I agree that perhaps just take a bit of sick leave to recharge and get some perspective away from the school. If you can, do try to finish off your NQT year in a school where you are happy. I moved from a special school (which I loved but felt underqualifed and experienced in) to a mainstream school where I am now desperately unhappy as it's really not the right school for me. It's hard to ride it out in a school where you don't feel you fit in and I'm now only keeping going by sending out job apps and basically on hope. Hence why I would advise you to try to finish your NQT year in your current school.
    Have you spoken to your mentor or perhaps someone else in the school? I would strongly advice this as you never know what kind of support they may be able to offer you.
    Best of luck and I hope it all works out for you.
     
  11. lbrowne

    lbrowne New commenter

    Hi there,
    I think you are doing a brilliant job. I agree with everyone else - try to complete your NQT year and it really will get easier after that. You don't say what year group you have but some year groups are easier than others and you could do with discussing your worries with someone you trust at school with a view to changing to a different year group next year.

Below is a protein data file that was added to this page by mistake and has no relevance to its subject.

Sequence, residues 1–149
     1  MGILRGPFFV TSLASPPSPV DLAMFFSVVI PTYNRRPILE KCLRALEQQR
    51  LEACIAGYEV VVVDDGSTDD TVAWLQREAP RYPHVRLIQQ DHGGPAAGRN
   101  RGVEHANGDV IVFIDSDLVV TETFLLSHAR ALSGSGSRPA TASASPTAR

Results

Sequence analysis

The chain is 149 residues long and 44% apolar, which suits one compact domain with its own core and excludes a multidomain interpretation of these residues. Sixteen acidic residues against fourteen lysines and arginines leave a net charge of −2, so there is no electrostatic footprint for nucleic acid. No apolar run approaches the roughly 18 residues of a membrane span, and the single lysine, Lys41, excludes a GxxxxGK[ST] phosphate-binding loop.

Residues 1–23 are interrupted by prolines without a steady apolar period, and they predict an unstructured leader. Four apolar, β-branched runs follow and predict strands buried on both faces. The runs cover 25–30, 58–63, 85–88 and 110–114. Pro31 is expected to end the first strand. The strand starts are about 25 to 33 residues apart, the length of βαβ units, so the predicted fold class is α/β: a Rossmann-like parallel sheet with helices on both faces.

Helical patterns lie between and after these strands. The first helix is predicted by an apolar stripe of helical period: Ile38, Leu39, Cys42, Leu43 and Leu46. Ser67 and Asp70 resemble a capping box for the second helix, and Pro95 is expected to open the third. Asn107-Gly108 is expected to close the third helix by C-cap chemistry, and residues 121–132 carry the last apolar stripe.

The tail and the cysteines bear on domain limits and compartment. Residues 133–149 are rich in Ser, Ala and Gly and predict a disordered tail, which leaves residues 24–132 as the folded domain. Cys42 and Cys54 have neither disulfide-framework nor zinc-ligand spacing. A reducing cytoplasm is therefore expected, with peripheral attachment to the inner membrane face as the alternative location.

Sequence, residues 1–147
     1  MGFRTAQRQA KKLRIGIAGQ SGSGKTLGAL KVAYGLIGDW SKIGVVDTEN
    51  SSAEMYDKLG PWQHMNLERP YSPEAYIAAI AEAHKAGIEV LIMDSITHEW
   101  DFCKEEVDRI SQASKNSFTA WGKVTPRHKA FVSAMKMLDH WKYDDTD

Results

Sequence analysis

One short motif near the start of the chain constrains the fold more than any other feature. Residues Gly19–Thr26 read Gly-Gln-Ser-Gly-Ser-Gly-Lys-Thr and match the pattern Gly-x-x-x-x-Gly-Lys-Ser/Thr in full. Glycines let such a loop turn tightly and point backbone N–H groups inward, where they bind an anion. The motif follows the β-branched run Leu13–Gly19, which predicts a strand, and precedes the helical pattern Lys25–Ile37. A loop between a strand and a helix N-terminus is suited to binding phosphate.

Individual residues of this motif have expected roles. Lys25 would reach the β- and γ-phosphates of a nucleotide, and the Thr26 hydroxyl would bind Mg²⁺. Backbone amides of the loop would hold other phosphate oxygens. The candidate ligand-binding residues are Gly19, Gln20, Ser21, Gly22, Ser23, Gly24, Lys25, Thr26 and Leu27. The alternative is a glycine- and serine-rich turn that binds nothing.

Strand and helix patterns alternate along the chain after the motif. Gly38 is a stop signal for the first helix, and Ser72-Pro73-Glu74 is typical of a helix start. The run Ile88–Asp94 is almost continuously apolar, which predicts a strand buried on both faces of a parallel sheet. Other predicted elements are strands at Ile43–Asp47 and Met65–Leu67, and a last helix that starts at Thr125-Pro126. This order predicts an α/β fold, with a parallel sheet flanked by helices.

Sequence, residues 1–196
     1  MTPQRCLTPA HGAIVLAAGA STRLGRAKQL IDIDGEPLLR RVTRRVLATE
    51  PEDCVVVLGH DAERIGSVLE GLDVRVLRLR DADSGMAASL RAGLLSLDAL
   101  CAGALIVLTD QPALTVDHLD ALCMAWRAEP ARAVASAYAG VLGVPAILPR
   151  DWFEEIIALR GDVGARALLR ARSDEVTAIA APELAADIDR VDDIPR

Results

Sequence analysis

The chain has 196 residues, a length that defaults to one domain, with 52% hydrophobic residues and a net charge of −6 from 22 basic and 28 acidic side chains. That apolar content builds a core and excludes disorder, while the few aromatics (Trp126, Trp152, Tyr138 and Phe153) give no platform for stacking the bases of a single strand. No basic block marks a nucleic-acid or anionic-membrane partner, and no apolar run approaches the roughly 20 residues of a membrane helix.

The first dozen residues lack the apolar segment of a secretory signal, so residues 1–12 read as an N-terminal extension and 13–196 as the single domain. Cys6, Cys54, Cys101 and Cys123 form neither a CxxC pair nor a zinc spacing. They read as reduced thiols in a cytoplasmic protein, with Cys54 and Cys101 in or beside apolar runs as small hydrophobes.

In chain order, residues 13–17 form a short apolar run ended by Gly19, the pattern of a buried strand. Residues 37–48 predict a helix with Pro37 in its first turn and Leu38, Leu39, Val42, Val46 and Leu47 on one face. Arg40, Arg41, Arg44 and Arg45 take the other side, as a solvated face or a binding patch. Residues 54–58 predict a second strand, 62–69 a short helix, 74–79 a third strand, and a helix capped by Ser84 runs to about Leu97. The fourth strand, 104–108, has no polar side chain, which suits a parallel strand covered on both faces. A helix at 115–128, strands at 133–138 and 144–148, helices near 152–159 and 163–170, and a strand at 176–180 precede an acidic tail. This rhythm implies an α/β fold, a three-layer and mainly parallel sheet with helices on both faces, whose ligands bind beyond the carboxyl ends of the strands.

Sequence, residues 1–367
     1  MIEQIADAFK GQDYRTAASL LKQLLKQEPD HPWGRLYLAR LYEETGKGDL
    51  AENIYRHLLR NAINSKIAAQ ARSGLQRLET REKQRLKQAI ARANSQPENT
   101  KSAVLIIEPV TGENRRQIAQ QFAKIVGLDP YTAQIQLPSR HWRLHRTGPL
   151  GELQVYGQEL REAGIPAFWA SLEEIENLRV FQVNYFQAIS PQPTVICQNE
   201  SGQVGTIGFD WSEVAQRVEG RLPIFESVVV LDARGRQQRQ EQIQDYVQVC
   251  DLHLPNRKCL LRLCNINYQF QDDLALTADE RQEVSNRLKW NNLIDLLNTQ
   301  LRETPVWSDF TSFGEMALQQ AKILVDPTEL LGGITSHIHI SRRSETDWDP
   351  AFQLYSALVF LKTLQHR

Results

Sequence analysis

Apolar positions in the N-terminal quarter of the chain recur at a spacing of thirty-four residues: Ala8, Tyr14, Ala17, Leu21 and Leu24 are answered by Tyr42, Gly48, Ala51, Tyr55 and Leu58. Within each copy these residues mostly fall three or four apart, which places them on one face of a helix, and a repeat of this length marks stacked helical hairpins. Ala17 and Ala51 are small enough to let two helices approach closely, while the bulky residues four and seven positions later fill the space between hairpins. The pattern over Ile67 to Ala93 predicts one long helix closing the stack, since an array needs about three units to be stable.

It sounds like you are well suited to teaching if you can work out your home/life balance. I wonder if you can get any extra help with your girls given you have a daughter with special needs. You could talk to your daughter's school about this.
    Like someone else suggested, it may be that you need a week or so off to recharge your batteries and think about your next move. Talk to people as much as you can and you might be very surprised as to how much better you feel - a problem shared. ..
    All the best!
     
  12. I'd give the same advice - try to stick it out to the end of your NQT year. One of my daughters has special needs, and I think it does make you beat yourself up more about your parenting skills. I try to leave school promptly one or two evenings a week, get home by 4.30, drag up some energy from somewhere and try to do a fun activity or two, then work when they are in bed. Would this be feasible for you?
    I also remind myself that I have years and years ahead of me where I can teach other people's children, but only a few more to teach my own.
    I have worked a 3 day week and 4 day week in the past - really useful for fitting all those appointments in that children with special needs often have. Both times the job has been agreed in discussion with senior management - ask, but don't leave it too late as I know my head is working out next year's staffing at the moment.
     
  13. Well done you for what you are doing. I am a lone parent bringing up two girls. There is a father, but very much in the back ground with a tendancy to be out of work at times. The net result being that I am breadwinner, disciplinarian and knackered. It took a lot of thought before taking the step to go into teaching. What finally swung it was the holidays. There is no childcare or cover of any sort once children reach the age of 11. I am 56.